US unemployment rate drops to 3.5 per cent amid ‘widespread’ job growth

‘Both total nonfarm employment and the unemployment rate have returned to their February 2020 pre-pandemic levels’

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The US unemployment rate dropped to 3.5 per cent last month as the US economy added 528,000 jobs, the Bureau of Labor Statistics announced on Friday.

Despite persistent inflation, the Department of Labor said job growth in the US was “widespread” in July, with “leisure and hospitality, professional and business services, and health care” sectors all adding jobs.

The department also said the number of employed non-farm workers and the US unemployment rate are now at the same levels they were in February 2020, before the onset of the Covid-19 pandemic. The number of “long-term unemployed” — meaning persons without a job for more than six months — also decreased to pre-pandemic levels with a drop of 269,000 last month.

Such impressive job growth will further intensify the debate as to whether the US is slipping into a recession amid the growing consensus that the economy is running out of steam following the post-pandemic lockdown boom. Many economists believe a strong jobs market is preventing that from happening.

Labour force participation, which accounts for all people either employed or actively looking for work, remained at 62.1 per cent, which is below the 63.4 per cent rate it was in February 2020. This could indicate a real shift in employment patterns brought on by the pandemic with people either taking up other opportunities, returning to education, caring for family members, or retiring early.

The jobs report showed that unemployment for adult women and white people declined, but the jobless rates for adult men, teenagers, Black people, Asian Americans and Hispanic Americans remained relatively unchanged.

Wages also grew in the past month, rising by 0.5 per cent in the past month and by 5.2 per cent in the past year.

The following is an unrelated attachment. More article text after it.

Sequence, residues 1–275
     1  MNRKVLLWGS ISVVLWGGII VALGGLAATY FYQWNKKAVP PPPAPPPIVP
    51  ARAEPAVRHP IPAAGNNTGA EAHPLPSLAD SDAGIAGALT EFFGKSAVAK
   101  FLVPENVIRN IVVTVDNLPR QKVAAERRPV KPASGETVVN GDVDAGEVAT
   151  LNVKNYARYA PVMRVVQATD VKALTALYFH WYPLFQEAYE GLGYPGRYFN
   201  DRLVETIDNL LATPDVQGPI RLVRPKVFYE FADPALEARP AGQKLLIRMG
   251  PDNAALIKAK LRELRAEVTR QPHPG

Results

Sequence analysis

The positive monthly jobs report exceeds predictions from many analysts who had suggested last month’s job gains could be fewer in number than in recent months.

Earlier this week, White House Press Secretary Karine Jean-Pierre had said the Biden Administration was expecting a report in the range of 150,000 jobs added last month — a far smaller number than was reported.

Speaking at a bill signing event on Friday, President Joe Biden boasted that his administration has seen nearly 10 million jobs created since he was sworn in on 20 January 2021.

“That's the fastest job growth in history,” he said.

“Since I took office, we've created 642,000 American manufacturing jobs in America. We've seen the biggest and the fastest job recovery in American manufacturing history since the 50s. And some people may have given up on American manufacturing, but the American people didn't and I never did,” he added.

In a statement, President Mr Biden also noted that last month’s jobs data shows the US unemployment rate at a level that is lower than at any other point in the last half-century.

“More people are working than at any point in American history. That’s millions of families with the dignity and peace of mind that a paycheck provides,” Mr Biden said, crediting his economic agenda — “to build the economy from the bottom up and middle out” — with the jobs boost.

“I ran for president to rebuild the middle class – there’s more work to do, but today’s jobs report shows we are making significant progress for working families,” he added.

The administration and Democratic will seize on such positive news as Americans have grown increasingly anxious about rising prices and the risk of recession.

All of these issues will be at the forefront of the minds of voters in November’s midterms.

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